Women did not always use the patches as instructed, which perhaps limited the researchers' ability to detect an effect of the patches on smoking. However, women who used the patches for more than 2 weeks were more likely to refrain from smoking than those who used the patches for shorter periods of time.

One benefit of the nicotine patches was that infants born to mothers using the nicotine patches were on average 136 grams heavier than control infants, and women using the active nicotine patch were slightly less likely than the other women to deliver low-birthweight infants.

SOURCE: Obstetrics and Gynecology 2000;96:967-971.

Constipation Is Not the Root of All Evil After All

NEW YORK (Reuters Health) - People who gauge their health by their bowel movements may be using a long-outdated yardstick. Over the last few centuries, reports of the ill-effects of constipation have been greatly exaggerated, according to a report in the December 23/30 issue of the British Medical Journal.

Although today's medical experts do not consider constipation the root of all evil, as doctors once did, many people still cling to the idea that a daily bowel movement is vital to good health. According to Dr. James Wharton of the University of Washington School of Medicine in Seattle, constipation's bad reputation has been tough to eliminate from Western society.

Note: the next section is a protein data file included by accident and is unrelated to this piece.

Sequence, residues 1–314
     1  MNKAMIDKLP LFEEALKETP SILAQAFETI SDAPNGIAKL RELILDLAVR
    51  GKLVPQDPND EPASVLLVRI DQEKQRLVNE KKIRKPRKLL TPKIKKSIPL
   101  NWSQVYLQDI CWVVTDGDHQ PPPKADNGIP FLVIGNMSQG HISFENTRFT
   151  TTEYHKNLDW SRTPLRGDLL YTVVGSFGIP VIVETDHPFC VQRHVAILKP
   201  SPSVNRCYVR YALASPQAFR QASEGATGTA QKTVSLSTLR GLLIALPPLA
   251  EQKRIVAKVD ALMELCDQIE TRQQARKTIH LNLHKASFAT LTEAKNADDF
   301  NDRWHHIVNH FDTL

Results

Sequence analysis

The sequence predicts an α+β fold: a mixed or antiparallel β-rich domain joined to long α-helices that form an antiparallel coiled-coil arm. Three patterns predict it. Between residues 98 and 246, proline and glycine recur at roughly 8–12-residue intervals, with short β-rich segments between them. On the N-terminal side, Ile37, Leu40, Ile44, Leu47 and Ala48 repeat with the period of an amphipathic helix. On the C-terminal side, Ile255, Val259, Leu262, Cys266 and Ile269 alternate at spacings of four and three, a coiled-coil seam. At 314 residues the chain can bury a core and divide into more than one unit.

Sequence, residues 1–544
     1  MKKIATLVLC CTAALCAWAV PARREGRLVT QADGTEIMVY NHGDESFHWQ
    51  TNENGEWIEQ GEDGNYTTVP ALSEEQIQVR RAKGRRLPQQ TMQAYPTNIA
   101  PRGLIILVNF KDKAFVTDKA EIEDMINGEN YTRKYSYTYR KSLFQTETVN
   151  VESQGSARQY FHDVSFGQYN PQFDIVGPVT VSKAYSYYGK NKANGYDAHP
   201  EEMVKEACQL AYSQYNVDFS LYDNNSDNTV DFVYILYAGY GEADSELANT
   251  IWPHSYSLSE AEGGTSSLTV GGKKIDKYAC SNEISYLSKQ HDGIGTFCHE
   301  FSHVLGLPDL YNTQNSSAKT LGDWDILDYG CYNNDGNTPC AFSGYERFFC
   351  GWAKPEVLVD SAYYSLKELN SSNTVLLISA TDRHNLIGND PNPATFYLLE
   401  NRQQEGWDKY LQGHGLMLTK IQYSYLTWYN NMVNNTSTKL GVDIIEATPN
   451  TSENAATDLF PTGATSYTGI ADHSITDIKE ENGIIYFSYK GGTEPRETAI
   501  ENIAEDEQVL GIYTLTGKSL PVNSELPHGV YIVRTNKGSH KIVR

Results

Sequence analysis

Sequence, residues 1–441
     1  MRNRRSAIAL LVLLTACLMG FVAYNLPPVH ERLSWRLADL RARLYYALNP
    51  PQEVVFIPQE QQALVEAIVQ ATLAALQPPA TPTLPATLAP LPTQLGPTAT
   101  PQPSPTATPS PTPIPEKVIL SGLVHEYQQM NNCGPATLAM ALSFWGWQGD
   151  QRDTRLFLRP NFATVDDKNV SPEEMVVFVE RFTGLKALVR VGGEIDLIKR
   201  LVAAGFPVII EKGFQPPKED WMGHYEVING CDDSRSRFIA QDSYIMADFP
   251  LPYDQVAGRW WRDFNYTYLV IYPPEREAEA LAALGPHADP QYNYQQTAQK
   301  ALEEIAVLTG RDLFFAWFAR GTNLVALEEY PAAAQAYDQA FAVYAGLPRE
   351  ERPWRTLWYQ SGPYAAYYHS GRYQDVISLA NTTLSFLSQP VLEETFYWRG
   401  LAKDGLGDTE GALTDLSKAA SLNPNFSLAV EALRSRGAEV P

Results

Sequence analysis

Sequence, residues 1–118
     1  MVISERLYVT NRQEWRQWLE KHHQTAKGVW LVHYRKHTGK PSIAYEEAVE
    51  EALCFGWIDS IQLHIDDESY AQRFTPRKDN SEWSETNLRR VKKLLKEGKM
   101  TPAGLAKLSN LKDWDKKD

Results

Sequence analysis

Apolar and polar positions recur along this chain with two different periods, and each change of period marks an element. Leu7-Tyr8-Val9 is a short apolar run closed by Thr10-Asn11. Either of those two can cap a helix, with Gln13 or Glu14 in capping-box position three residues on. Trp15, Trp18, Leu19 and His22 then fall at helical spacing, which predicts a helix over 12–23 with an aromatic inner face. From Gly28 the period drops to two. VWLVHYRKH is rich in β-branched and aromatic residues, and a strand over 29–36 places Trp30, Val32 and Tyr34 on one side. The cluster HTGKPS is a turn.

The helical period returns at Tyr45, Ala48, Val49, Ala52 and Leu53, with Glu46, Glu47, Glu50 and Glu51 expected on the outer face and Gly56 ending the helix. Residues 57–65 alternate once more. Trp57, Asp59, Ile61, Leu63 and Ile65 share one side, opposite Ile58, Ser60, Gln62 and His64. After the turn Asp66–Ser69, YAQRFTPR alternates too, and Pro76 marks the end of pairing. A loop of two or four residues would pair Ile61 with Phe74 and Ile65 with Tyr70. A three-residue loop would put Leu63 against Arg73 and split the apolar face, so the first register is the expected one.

While some people suffer chronic constipation that requires diet and lifestyle changes, far more often the condition is occasional. And while it may be unpleasant, constipation does not trigger a build-up of toxins in the body, Wharton writes.

But until about the middle of the 20th century, many doctors and the public believed that a daily bowel movement was vital to clearing the body of disease-causing ``foulness.'' Consumers were bombarded by claims of laxatives, enema equipment, rectal dilators and abdominal support belts that promised a good 'cleaning out.'

By the 19th century, Wharton explains, there was even medical consensus that constipation was the ``foremost disease of civilization, a universal affliction in industrialized societies that engendered the full range of more serious human ailments.'' It was known as ``autointoxication''--poisoning oneself by failing to relieve oneself.